Most Epically Massive Photos Ever Taken


In this era of vastly evolving technology, photographers are beginning to take photo size to a whole new level with panorama photography. Considering that it only takes 4 megapixels to create a clear 8 x 10 photograph, imagine the size of a photograph with a gigapixel. One gigapixel contains 1,000 megapixels which, when put into practice, will create a photo of epic proportions.

Such photographers have not stopped at one gigapixel though. In fact, the largest photo currently measures at a whopping 272 gigapixels. Here is a collection of some of the most massive photos ever taken to date.

Dresden (26 Gigapixels)

Dresden1 Most Epically Massive Photos Ever Taken

http://www.dresden-26-gigapixels.com/dresden26GP

This photo was taken centered on the City of Dresden and is 26 gigapixels in size. It was taken with a Canon 5D Mark II and a 400mm lens. The photo was taken by a photographer robot and took 172 minutes to record the images. The processing of the images took even longer clocking in at over 94 hours. In December of 2009 this was the largest recorded photo on file. However, its size has been dwarfed by more recent works.

Corcovado (67 Gigapixels)

Corcovado1 Most Epically Massive Photos Ever Taken

http://gigapan.com/gigapans/54825/

This photograph was taken at the top of the Corcovado mountain in Brazil. This photo is a compilation of 6223 pictures in total and was achieved using a Canon EOS REBEL t2i, a Canon Zoom EF 400mm lens and a 2x extender. It took a total of 2 hours and 25 minutes to take the 6223 individual photographs.

Budapest (70 Gigapixels)

Budapest2 Most Epically Massive Photos Ever Taken

http://70gigapixel.cloudapp.net/

The Budapest image was taken with two Sony’s A900 25MP cameras with a 400mm Minolta lenses and 1,4X teleconverters. This photo was taken from the Observation Tower of János Hill. It took a full two days to process the photo and when the photo was complete it was a 200 GB Autopano KRO file. If you were to print the photo in 300 DPI the photo would be approximately 156 meters long and 31 meters tall.

London (80 Gigapixel)

London1 Most Epically Massive Photos Ever Taken

http://www.360cities.net/london-photo-en.html

This epically massive photo is 80 gigapixels in size. To create this masterpiece it required 7886 individual photographs and was taken from the Centre Point Building. The photographer used a digital SLR camera and a 400mm lens to achieve this feat. A custom built robotic camera mount was used as well. Unlike some of the other photos on this page, this is a spherical photo and was taken in 360 degree panorama. This was the largest spherical panorama in the world when it was taken.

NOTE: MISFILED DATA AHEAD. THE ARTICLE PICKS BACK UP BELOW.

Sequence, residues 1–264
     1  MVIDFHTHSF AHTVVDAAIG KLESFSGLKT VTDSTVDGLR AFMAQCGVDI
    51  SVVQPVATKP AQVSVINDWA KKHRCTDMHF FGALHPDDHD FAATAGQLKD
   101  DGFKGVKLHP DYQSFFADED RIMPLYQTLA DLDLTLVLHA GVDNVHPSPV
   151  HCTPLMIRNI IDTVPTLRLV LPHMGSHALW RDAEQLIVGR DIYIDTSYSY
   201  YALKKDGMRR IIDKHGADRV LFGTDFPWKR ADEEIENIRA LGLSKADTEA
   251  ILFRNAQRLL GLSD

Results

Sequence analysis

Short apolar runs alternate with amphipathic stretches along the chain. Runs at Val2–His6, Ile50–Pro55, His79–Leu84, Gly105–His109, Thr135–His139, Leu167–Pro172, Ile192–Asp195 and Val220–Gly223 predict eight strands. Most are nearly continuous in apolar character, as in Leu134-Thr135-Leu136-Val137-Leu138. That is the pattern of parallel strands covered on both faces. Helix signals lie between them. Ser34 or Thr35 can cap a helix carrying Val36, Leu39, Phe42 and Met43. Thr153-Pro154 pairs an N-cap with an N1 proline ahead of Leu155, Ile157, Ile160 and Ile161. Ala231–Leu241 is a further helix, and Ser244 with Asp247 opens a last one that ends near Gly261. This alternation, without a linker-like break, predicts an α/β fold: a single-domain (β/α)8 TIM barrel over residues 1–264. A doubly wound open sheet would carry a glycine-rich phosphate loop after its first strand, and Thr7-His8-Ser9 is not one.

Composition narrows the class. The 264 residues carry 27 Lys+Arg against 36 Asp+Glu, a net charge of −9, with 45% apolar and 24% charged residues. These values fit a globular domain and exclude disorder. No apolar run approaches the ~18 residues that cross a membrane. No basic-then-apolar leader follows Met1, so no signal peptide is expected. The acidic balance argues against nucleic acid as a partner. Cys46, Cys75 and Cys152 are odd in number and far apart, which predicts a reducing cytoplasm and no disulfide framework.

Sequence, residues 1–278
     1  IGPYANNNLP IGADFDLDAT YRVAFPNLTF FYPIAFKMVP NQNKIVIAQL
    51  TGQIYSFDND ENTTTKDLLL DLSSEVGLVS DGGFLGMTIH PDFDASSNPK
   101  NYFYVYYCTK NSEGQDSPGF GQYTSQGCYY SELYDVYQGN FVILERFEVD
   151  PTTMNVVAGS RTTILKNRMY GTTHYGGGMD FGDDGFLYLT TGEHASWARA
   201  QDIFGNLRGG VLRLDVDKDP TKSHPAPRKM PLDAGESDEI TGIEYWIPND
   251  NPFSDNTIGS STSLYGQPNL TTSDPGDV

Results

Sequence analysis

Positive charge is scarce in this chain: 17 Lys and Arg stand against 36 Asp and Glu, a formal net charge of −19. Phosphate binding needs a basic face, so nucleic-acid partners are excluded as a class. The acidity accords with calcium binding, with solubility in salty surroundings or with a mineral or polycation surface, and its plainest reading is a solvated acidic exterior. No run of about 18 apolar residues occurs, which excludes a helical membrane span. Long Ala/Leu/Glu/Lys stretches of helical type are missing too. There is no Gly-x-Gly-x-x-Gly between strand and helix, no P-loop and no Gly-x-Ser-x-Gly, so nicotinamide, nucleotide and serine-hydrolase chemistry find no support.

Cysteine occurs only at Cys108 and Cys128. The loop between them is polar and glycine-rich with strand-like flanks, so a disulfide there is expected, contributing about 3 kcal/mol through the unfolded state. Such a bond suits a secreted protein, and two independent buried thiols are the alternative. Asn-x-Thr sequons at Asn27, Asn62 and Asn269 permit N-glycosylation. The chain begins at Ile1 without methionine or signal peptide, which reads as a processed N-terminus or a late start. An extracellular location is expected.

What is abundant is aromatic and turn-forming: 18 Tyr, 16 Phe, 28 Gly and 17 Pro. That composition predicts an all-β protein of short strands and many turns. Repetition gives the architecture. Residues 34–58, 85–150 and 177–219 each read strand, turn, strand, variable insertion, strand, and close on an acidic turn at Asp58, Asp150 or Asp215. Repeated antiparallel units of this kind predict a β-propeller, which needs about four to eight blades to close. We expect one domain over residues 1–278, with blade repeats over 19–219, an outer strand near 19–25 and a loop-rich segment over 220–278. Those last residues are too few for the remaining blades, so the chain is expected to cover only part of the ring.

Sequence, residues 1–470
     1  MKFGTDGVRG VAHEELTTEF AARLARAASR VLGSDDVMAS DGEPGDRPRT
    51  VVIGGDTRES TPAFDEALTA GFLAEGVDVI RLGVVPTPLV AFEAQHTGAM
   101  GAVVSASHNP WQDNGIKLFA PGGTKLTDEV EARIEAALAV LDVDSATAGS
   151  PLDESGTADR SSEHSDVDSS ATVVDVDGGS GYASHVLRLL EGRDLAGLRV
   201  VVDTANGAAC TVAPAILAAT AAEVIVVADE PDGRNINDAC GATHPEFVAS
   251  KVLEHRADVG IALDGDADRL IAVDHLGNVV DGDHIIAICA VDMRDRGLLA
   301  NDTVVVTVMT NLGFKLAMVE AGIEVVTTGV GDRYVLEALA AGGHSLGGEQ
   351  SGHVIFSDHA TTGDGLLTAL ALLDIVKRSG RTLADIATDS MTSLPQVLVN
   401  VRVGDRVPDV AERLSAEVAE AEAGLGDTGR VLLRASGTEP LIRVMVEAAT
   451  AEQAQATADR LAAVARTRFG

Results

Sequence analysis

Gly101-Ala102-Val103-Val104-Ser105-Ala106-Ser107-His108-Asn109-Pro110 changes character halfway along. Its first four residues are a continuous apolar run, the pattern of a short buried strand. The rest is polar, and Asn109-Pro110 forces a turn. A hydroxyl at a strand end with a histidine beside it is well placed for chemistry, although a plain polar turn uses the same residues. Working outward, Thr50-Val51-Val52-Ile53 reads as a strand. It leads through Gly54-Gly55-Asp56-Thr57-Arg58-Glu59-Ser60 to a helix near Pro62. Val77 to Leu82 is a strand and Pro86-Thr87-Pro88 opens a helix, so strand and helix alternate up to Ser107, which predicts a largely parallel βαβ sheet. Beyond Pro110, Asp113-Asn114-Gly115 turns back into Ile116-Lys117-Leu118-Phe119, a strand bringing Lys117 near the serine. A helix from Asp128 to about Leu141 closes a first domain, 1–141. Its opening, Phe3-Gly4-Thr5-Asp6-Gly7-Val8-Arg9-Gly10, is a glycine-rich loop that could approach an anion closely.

Sevilla (111 Gigapixels)

Sevilla1 Most Epically Massive Photos Ever Taken

http://www.sevilla111.com/

Photographers, José Manuel Domínguez and Pablo Pompa, held the world record for the largest photograph since December 2010 and boasted the first image over 100 gigapixels. The site offers an impressively gargantuan panoramic view of the city; measuring at 613,376px wide by 181,248px high consisting of a total of 9,750 images. A Canon 5D mkII was used to capture this stunning image, along with 400mm lens and duplicator (effectively providing 800mm of focal distance). Printing this image out would measure 13,800 square meters, equating to the size of two football stadiums.

Shanghai (272 Gigapixels)

Shanghai1 Most Epically Massive Photos Ever Taken

http://gigapan.com/gigapans/66626/

The sheer size of this photo dwarfs even the massive images mentioned previously. This photograph is over 272 Gigapixels in size and is currently the largest photograph in the world. It consists of over 12,000 photos strategically stitched together, and is so large that it could cover over 7,000 billboards. To create this photo the photographer used a Canon 7D, a Canon 400mm F5.6 lens, and a 2x teleconverter. This photo beat the London spherical panorama image by over 192 gigapixels and now holds the world record. The photo was taken on the roof of the Chinese Academy of Science and took approximately 8 hours to take. These photos are the most epicly massive photos to date and are definitely worth a look.

Author Bio:- Ben Randall writes for PrinterInks; online merchants of Dell, HP, Samsung, Epson and Canon cartridges, as well as printer accessories from other leading brands.


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